Revolutions is out now on iTunes as a bit of a pre-release. We aren't shouting about it ... there are quite a few things in store over the next 2 months to promote the album.  Including the limited edition CD version (which can already be preordered at the Gaymonkey Shop).

The limited edition disc comes in a numbered double gatefold vinyl sleeve. Its our way of giving an acknowledgment to the ultimate album format, which sadly we have never been able to release. But also to make CD packaging more sustainable, by making a collectable format rather than a disposable plastic jewel case.

There are only 1000 copies - once they are gone, the CD format will be deleted.


Gong Show

Reasons to be frustrated by the Mercury Prize:

1. The most deserving band never wins. In fact looking at the victors list since the prize was launched, of the winners only Portishead - Dummy would have won my vote. 

2. Leftfield artists that don't stand a chance in hell get nominated, but of course never win. Kind of like poor Malta in Eurovision.

3. Could they just GIVE RADIOHEAD AN AWARD? It wouldn't kill them. The fact that OK Computer was trumped by anyone - never mind Roni Size - was bad enough. To be nominated four times, and then not win - even with the slightly-lesser brilliant (but still remarkable) In Rainbows, indicates that there is some sort of injustice.

4. Despite these indiscretions, it is the last UK award of musical merit that is vaguely noteworthy. That doesn't stop some nominees from taking this piss by leaving their £20k cheque in the toilets, or not bothering to show up.

5. It - like all these things - has to be sponsored by a bank.

and finally ...

6. They continue to allow Brit School luvvies into the hat - Adele?  Please ...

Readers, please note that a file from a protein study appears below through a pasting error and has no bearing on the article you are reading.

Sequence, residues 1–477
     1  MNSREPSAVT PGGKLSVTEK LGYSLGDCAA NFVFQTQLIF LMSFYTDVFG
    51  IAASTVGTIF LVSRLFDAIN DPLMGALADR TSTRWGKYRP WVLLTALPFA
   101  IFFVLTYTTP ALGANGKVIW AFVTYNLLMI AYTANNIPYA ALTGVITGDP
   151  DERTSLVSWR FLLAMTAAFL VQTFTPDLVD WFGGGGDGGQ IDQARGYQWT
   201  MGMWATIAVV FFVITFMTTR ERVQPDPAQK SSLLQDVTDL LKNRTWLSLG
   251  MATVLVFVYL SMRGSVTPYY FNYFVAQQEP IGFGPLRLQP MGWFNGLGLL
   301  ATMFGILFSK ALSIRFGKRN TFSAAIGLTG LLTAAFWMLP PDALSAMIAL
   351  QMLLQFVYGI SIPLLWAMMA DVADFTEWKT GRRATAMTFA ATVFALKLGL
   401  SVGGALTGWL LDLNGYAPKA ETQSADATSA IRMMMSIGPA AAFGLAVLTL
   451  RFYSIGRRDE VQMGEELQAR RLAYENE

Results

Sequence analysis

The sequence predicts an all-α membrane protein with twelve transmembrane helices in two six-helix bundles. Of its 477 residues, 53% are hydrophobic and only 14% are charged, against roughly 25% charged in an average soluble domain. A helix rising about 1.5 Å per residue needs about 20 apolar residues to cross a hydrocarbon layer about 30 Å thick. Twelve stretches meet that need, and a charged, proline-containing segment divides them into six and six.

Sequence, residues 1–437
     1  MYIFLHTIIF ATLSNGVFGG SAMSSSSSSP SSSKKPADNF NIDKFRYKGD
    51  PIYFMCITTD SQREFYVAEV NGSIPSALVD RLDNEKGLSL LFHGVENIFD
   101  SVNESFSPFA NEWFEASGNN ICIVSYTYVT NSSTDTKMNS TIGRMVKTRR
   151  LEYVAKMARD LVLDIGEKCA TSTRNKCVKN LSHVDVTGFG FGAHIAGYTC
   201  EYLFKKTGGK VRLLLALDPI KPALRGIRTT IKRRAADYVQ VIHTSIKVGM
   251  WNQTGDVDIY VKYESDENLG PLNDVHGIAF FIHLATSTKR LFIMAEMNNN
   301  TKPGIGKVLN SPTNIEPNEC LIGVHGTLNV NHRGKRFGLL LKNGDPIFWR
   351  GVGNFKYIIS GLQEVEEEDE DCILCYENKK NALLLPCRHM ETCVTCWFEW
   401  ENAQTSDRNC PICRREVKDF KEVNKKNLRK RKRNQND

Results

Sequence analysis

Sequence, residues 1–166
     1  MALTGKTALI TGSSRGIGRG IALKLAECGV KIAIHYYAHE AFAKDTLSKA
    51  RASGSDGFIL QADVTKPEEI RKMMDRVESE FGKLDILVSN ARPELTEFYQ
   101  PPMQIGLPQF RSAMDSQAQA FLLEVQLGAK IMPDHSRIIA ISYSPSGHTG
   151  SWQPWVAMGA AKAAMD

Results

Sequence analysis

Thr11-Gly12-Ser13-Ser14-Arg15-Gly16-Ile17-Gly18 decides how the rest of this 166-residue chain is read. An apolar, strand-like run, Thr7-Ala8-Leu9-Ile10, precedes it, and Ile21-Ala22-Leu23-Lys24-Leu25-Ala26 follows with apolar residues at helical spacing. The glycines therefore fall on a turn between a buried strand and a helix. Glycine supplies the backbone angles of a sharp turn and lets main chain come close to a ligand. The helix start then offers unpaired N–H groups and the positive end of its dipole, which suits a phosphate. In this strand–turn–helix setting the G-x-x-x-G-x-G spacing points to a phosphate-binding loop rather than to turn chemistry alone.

Vogue has released its list of what's hot this autumn.
And at number 5 - italodisco.



"Revolutions EP" by Melnyk

Today is the official worldwide release date of the new single. Pleased to be able to finally release "Revolutions "to the world.

Having my first new material out in over a year is quite an interesting feeling. I've worked so hard for this album, just as I did for Silence - only this time I suppose we have so much more experience of the music industry and how all the pieces of the puzzle fit around a release. Still, I feel like we are moving yet again into new territory - the business has changed so much in the past 3 years, that anything could happen with this record. 

"Revolutions" was about the third track that I wrote when I started putting songs together for my second album.  I knew I wanted to do something with more of a traditional pop song form, which Silence had touched on but never fully explored. 

One night, shortly after I started working on the instrumental, I was out with Fonteyn, and he took me to a bizarre basement members club off Regent Street to see this new band he was in love with.  The group were Heartbreak, fronted by this charismatic moustachioed Argentinian. They delivered a dark set of original italo inspired electro, fitting for the odd surroundings. And his voice stood out to me to be something entirely special. I knew he would be the one to collaborate with on this new track.